Outlook mixed for PH in ASEAN 2015
Government and private sector leaders are mixed when it comes down to the question of whether or not the Philippines is ready to participate in the ASEAN Economic Community (AEC), of which the regional integration will start next year.
In one of the sessions presented by the World Economic Forum (WEF) on East Asia yesterday in Manila, the specific theme of “Philippines: The next Asian miracle” was tackled and while the general consensus is that the future is indeed bright economic-wise, the panelists which included Philippine Long Distance Telephone Co. chair Manuel V. Pangilinan are cautious on the country’s long-term viability, in particular on reforms and political will, and how to go about linking economies within the trade bloc.
“The soft part of development is important and perception of the Philippines is improving,” remarked Pangilinan. “But at the end of each year, where is the profits?”
“We’re mainly a consumption driven economy and it’s time to switch that to an investment-driven economy,” Pangilinan added. He again stressed the need for infrastructure development and his comments on the Aquino government’s public-private partnership (PPP) programs are optimistic. “All of the PPP projects are commendable (but) I think we just need to get on with it.”
When asked if the country is prepared to initiate the process of market and financial integration next year, the Filipino business tycoon admitted to a bit of vagueness when it comes to the ASEAN plan.
“It’s always been a mystery to me. If you translate it to particulars, what does it really mean?” But then he took note of the strengths of the local industries and while manufacturing is not yet there, there are promising growth sectors.
“When you talk inclusive growth — that’s agriculture and tourism or services industries … so lets focus on those first,” Pangilinan said.
Tourism secretary Ramon R. Jimenez Jr. for his part thinks the Philippines is ready for ASEAN integration. “We will be,” he said, and then later added more firmly, “yes we are (ready).”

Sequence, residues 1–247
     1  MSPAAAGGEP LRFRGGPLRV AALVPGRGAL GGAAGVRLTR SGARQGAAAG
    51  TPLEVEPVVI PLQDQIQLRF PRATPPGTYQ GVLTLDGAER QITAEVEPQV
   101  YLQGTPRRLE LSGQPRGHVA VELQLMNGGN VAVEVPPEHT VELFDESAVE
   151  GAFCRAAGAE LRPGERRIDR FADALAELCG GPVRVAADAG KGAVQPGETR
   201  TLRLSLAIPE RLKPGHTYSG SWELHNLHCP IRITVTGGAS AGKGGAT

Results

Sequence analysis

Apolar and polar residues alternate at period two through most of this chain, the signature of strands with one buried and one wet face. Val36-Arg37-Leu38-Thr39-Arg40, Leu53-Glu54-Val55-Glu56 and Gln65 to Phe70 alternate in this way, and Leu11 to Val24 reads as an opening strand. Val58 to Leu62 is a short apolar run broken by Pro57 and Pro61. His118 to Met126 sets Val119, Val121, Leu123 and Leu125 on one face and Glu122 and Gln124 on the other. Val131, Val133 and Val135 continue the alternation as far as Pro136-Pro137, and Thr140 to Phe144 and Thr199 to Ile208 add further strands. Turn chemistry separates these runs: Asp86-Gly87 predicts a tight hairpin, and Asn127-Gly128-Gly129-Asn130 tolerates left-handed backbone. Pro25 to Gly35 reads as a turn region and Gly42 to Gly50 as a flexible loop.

There are a lot of infrastructure development required to fully launch the tourism industry, especially airport development since more than 99 percent of tourists in the country arrive by air. “In Asia, we’re right smack in the middle of everything (so) you have a fairly good idea of our (part) in the (regional) integration.”
Karim Raslan, CEO of the KRA Group in Malaysia, said it is the smaller countries such as the Philippines that will benefit in ASEAN integration, since the larger economies by comparison including Malaysia, Thailand, and Singapore are already saturated. Foreign investors will be looking towards the Philippines to pour in money.
“It’s about confidence in investing in the human resources here,” said Raslan. “(Philippines) has a huge advantage in English and you’ll find more and more Filipinos (based overseas) going back here.”
Cherrie Atilano, another local panelist and co-founder of Gawad Kalinga Enchanted Farm, is concerned that the Philippines is not truly prepared for ASEAN integration, however Kevin Lu of INSEAD Singapore, also a WEF Young Global Leader, said the Philippines should find ways to take advantage of the process of integration.
That takes vision and flexibility, said Lu. “The bigger question – when you talk about growth drivers – is you have other big economies (so) how will the Philippines position itself to benefit from the growth elsewhere? How do a much smaller country benefit from these growth?”
“In the agricultural perspective, we’re not yet ready for ASEAN integration,” said Atilano.
Jimenez opined: “I think it’s fair (to say) we’ve only just began, but we have a lot of housekeeping to do before we got to speed.” The tourism chief reiterated though that Philippines is the next Asian miracle.